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Who should win the NBA's MVP and other top awards? Fear the Sword weighs in

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The NBA Season is over, and it's officially awards season. Who deserves hardware?

Hey, everybody. The NBA season has finally come to its conclusion, the playoffs are still a couple of days away and all that's left to do is read way too much into a three or four game sample size when picking first-round winners.

There's also the matter of awards. It's an interesting awards season, with a few absolute no-brainers alongside some of the most contested races I've ever seen. Given the wide range of opinions, the staff here at Fear the Sword took their crack at who deserves hardware. Here's what we came up with.

How We Voted

MVP - Stephen Curry

Votes: 13 (Unanimous)

Well, this one was a no-brainer. Curry is having one of the best offensive seasons ever for the team that has had the best regular season ever. He's leading the league in PER, made over 400 threes on the season and he's made at least eight threes in 16 different games (!), while leading the best offense in the NBA. With two prospective MVPs under his belt, it's fair to wonder how many more Curry can get for the rest of his career.

MVP Runner-Up - LeBron James

Votes: 9 | Other receiving votes: Kawhi Leonard (2), Russell Westbrook (1), Seth Curry (sigh, 1)

We had to invent this category because the other one was so boring. I can't help but imagine that we as a staff are sort of showing which team we watch the most of with this pick, but it's not as though LeBron has had a poor season. Kawhi Leonard, Russell Westbrook and Kevin Durant all have earned a place at the table with LeBron, and I don't think I'll find myself upset with any of that group finishing in second. I don't know if Seth Curry will, though.

Defensive Player of the Year - Kawhi Leonard

Votes: 8 | Others receiving votes: Draymond Green (5)

This was a tight race. Draymond Green's ability to guard multiple positions, switch onto guards and play center despite being hilariously undersized for the position unlocks a lot of what Golden State can do on the defensive end. He's got unbelievably quick hands, he helps better than almost anyone in the league and anchors the Warriors defense.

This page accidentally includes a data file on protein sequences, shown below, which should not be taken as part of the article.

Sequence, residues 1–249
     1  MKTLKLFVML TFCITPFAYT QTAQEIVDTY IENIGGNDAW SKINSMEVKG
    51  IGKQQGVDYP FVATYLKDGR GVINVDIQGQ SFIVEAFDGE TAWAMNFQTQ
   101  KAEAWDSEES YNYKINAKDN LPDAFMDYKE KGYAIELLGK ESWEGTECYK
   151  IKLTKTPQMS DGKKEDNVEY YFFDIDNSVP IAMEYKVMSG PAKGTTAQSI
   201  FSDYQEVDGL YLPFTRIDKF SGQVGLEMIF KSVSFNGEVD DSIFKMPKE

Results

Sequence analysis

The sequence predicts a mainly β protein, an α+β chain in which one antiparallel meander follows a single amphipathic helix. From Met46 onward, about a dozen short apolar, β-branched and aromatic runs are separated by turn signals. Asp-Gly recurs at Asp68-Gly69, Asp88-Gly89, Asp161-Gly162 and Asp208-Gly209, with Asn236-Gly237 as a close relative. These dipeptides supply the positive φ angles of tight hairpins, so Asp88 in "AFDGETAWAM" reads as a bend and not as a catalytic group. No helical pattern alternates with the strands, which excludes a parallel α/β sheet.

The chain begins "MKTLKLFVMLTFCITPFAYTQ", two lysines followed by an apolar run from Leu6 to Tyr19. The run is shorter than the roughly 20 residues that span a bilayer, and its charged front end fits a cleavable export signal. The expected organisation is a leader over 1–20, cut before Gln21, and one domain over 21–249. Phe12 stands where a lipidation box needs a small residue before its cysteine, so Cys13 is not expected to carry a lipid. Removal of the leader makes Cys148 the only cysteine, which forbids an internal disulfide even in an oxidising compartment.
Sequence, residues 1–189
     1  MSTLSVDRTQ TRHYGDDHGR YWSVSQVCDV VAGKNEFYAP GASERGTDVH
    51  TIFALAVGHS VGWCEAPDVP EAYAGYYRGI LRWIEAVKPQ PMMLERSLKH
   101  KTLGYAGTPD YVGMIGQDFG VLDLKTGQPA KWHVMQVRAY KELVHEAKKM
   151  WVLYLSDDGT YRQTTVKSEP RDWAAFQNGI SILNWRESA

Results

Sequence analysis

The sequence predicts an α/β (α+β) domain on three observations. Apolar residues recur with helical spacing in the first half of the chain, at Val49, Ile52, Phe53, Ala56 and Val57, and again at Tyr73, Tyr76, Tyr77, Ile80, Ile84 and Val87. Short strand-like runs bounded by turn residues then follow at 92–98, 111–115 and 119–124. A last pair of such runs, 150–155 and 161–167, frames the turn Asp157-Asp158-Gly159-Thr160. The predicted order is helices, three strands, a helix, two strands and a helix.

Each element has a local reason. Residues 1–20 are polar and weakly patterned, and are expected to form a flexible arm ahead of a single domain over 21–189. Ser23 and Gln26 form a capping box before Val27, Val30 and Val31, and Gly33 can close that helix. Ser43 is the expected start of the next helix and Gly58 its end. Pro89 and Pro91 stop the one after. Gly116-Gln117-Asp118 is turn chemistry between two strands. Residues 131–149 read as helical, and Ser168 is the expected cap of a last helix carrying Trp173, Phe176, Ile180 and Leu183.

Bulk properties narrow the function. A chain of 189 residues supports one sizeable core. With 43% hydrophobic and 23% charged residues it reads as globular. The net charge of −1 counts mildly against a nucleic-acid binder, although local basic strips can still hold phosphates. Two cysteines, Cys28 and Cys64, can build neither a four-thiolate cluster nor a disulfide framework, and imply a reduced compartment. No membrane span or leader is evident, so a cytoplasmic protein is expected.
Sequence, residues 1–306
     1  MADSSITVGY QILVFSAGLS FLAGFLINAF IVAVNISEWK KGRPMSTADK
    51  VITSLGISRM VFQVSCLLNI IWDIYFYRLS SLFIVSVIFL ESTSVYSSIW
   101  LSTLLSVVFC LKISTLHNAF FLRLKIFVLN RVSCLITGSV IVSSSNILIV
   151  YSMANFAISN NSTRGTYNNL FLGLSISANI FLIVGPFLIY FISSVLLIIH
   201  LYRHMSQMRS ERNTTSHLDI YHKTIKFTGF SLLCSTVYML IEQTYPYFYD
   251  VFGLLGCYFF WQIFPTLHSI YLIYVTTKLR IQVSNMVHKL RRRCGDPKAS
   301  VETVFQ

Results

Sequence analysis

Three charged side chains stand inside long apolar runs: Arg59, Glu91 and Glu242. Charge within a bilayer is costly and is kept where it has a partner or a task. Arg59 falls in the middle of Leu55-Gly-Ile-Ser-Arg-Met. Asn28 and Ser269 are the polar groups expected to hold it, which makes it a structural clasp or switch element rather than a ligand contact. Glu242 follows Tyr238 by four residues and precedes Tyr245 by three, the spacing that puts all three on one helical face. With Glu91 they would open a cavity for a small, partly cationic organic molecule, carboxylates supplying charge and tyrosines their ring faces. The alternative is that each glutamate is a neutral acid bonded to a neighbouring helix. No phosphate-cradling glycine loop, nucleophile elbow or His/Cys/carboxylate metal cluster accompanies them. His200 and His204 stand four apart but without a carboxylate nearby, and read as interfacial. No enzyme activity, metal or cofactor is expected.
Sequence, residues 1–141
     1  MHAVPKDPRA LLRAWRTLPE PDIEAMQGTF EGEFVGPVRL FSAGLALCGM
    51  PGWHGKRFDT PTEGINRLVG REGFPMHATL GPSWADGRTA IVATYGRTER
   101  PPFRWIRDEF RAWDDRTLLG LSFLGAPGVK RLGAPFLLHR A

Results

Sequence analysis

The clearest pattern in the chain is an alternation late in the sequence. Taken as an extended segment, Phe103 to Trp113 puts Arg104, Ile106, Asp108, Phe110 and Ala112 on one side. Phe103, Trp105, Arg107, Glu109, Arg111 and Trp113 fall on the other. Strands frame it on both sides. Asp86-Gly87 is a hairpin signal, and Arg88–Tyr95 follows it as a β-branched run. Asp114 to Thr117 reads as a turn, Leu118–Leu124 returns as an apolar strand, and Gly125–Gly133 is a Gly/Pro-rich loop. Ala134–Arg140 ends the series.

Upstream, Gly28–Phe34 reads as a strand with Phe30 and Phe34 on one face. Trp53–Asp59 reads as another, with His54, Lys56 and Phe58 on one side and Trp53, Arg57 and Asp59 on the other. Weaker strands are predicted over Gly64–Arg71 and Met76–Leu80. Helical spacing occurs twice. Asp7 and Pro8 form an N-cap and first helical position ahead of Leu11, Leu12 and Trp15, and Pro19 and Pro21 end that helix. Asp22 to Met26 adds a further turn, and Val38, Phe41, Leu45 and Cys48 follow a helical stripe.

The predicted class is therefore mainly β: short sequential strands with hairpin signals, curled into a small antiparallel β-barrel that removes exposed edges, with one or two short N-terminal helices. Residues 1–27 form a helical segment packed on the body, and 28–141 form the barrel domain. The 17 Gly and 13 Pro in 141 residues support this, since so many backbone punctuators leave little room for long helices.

Kawhi Leonard, however, got my personal vote, and the vote of the staff at FTS. He's the best 1-on-1 defender in the league, and one of few that can really destroy the league's best scorers. He's also on a historically great defense that only allowed 96.5 points per 100 possessions, a full 2.3 points better than second place Atlanta. He's the best defender on the best defense, and he just edges Draymond out for FTS honors.

Sixth Man of the Year - Tristan Thompson

Votes: 7 | Others receiving votes: Will Barton (3), Ryan Anderson (2), Andre Iguodala (1)

The pool of players eligible for Sixth Man this year is a little...underwhelming. Andre Iguodala could conceivably be rewarded, but he missed a decent chunk of the season. Enes Kanter is a name that has gained traction, but his defense is still pretty brutal for OKC. Ryan Anderson and Will Barton, who both received votes play for losing teams.

There's a case for Tristan Thompson for this award, and Alex Raulli already made it perfectly, so I'll let his words do the talking here.

Rookie of the Year - Karl-Anthony Towns

Votes: 13 (unanimous)

Well, this is easy. I'm fairly confident Karl-Anthony Towns has had the best rookie year since LeBron, and the kid is just getting better. He's confident in the post, his mid-range game is unbelievable, and the kid can protect the rim and guard in space.

For example,

Yeah. He's great. Kristaps Porzingis or Devin Booker might have run away with this award in any other season, but boy, is it not any other season.

Coach of the Year - Steve Clifford

Votes: 4 | Others receiving votes: Terry Stotts (2), Gregg Popovich (2), Brad Stevens (1), Stan Van Gundy (1), Luke Walton (1)

This award is a mess, as it probably should be. Coaching is super hard to evaluate, and there's like, 400 coaches that did an incredible job this season that won't get any love. The Luke Walton-Steve Kerr combo won 73 games, Gregg Popovich just missed 70, and Dave Joerger took the most injury-plagued team I've ever seen to the playoffs, and he didn't even get a vote.

This was the least-agreed upon vote from our staff, with good reason. Steve Clifford takes the win for getting a top-10 offense and defense out of a roster that might not perform that well in lesser hands. He's adjusted his style on the fly, and the Hornets that bomb away from three have been very successful. He definitely deserves it. It's a shame that 15 other coaches do too.

Most Improved Player - C.J. McCollum

Votes: 8 | Others receiving votes: Kemba Walker (2), Al-Farouq Aminu (1), Kent Bazemore (1)

This is another one of those difficult-to-quantify awards. Do you give it to a player who thrived in an increased role, a player who went from good to great, or a star that expanded his game even further? Ultimately, the FTS staff opted for the first option, and voted overwhelmingly for C.J. McCollum.

McCollum helped ease the Blazers into the Damian Lillard era in a year where they were projected by Vegas to only win about 29 games. His ability to create shots eased the burden on Lillard, and he thrives with the minutes that had been being absorbed by the likes of Wes Matthews and Arron Afflalo last season.

Kemba Walker has a case, as he genuinely became a good shooter this year and helped propel his and the Hornets game to new heights, but McCollum's sheer volume of production is hard to accomplish, even in a larger role.